This spring, when I learned about Great Horned Owls nesting in Edmonton’s parks, I immediately took interest. I’ve only ever seen owls in captivity and really wanted to see one in the wild. So I took my camera and set about finding the owls in Rundle Park. With some assistance from a person who looked like a bird watcher, I located three juvenile owls that had already left their nest in a tree with a parent hidden further up the tree. They were bundles of fluff and it gave me a lot of joy photographing them.
With this experience behind me, I went looking for owls along the trail system of the Whitemud Ravine. Shortly after I entered the Ravine, I had an incredible stroke of beginner’s luck – my first time out, I actually heard an owl hooting and was led by the sound straight to an owl!
The owl I found was a Barred Owl. It is famous for its distinctive “Who cooks for you” call that I was listening to: https://www.allaboutbirds.org/guide/Barred_owl/sounds Over a number of visits, I learned from others that this owl had lost its mate and thus was likely vocalizing more than usual in an attempt to attract a new one. In the early spring, the owl had a couple of favourite perches right next to the trails and was easy to find. Now, it likes to hide in the bush and is more difficult to find.
Talking to birders while checking out the Barred Owl, I learned the location of a Great Horned Owl nest along another part of the Whitemud trail system. I found the location and was pleased to find two juvenile owls still in the nest with a parent. Every now and then a little owl would very cutely pop up its head and look out the nest. The little owls grew with each visit, until I came back and they’d moved out.
I went on a morning walk today without my camera, so naturally, I find the barred owl and the duck with ducklings I’d been looking for over the past week. So I made do with pictures from my iPhone.
The owl I listened to from the path as I walked, and when I was close, I went into the bush to look for it. I’d been hearing the owl off and on for about 10 minutes, but the owl quit hooting upon my entering into the bush. Fortunately, it was cool out and so I was covered from head to toe, since the mosquitoes were out, full force. After searching for a bit, I had pretty much gave up on finding the owl, and diverted to looking for a strange sounding bird. It turned out the strange sounding bird was a regular small bird harassing the owl. Because I locked eyes with the owl at about the same time I found the little noise maker which looked to be a nuthatch.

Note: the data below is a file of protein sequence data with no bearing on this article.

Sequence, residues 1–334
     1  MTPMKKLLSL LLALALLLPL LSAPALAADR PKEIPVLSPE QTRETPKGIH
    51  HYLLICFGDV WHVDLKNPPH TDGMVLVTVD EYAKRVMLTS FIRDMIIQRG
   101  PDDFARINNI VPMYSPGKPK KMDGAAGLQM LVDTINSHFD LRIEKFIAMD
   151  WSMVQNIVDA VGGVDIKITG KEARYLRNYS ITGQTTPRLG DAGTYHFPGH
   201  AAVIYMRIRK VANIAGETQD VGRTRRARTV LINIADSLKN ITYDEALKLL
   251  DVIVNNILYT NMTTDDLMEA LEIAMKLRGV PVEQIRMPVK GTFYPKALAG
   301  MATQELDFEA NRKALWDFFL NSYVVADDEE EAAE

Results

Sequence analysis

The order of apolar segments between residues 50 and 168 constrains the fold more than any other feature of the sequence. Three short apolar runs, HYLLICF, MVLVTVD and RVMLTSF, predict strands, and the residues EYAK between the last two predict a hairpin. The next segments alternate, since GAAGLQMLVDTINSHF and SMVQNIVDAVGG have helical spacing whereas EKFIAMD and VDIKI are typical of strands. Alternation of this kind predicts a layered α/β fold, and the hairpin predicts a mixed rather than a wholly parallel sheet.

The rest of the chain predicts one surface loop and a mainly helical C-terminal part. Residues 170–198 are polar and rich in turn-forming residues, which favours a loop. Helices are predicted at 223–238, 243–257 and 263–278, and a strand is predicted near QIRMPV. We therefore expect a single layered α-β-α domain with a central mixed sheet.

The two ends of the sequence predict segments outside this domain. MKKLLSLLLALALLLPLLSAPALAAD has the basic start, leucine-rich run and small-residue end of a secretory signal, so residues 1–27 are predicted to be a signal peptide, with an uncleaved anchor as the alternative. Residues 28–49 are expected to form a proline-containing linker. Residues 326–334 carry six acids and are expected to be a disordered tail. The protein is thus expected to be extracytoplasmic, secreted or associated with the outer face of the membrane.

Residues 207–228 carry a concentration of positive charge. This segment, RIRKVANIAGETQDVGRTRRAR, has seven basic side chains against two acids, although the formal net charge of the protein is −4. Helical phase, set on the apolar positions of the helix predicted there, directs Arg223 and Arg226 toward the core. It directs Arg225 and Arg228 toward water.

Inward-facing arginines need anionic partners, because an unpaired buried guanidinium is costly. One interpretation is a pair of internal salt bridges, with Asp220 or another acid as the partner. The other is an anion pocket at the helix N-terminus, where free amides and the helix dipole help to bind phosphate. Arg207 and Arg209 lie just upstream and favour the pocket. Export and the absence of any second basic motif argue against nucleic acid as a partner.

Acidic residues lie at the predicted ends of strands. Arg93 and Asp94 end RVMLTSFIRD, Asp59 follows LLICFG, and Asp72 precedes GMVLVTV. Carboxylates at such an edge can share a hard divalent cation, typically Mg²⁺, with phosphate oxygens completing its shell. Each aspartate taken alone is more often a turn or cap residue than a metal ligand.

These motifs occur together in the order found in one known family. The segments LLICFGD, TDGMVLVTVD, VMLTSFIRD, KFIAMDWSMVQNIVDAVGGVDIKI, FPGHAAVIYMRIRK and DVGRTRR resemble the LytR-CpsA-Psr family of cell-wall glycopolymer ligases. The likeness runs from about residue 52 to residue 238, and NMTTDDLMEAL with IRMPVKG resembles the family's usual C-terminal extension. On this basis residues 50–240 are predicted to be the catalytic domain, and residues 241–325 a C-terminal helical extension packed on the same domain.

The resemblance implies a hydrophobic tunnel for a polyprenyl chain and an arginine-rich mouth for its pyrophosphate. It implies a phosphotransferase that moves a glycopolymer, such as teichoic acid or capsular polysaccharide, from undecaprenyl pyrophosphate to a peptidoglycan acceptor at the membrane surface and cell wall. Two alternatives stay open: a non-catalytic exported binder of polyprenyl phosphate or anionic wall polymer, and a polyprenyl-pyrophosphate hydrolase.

The ducklings were almost black with spots the first time I saw them, extremely cute but in a distance and the water was reflecting so it was hard to get a picture of them. This time they were close but I only had my iPhone on me. The photos turned out poorly, but I’m posting them anyways, along with the first chipmunk I’ve ever seen in a tree.
I set up Crooked Paths when I realized I wanted my own blog site after listening to a popular author make a compelling argument about how everyone should have their own blog. It resonated deeply as I thought about how I’ve had a web presence in the past and I wanted a presence once again. A place to post my pictures, my thoughts and what I learn. Despite being retired, I keep reading productivity books and this will give me a place to write about what I learn and a reason to use any new insights I might have.
I chose the domain name “crookedpaths.ca” when I wasn’t able to use my original choice of “lifespaths.ca”. As this and the coronavirus has made clear, life never proceeds in the straight path we imagine it will. On further consideration, I’ve realized Crooked Paths is actually a much more fun name and I can use it to create fun subdomains like lifes.crookedpaths.ca or my.crookedpaths.ca!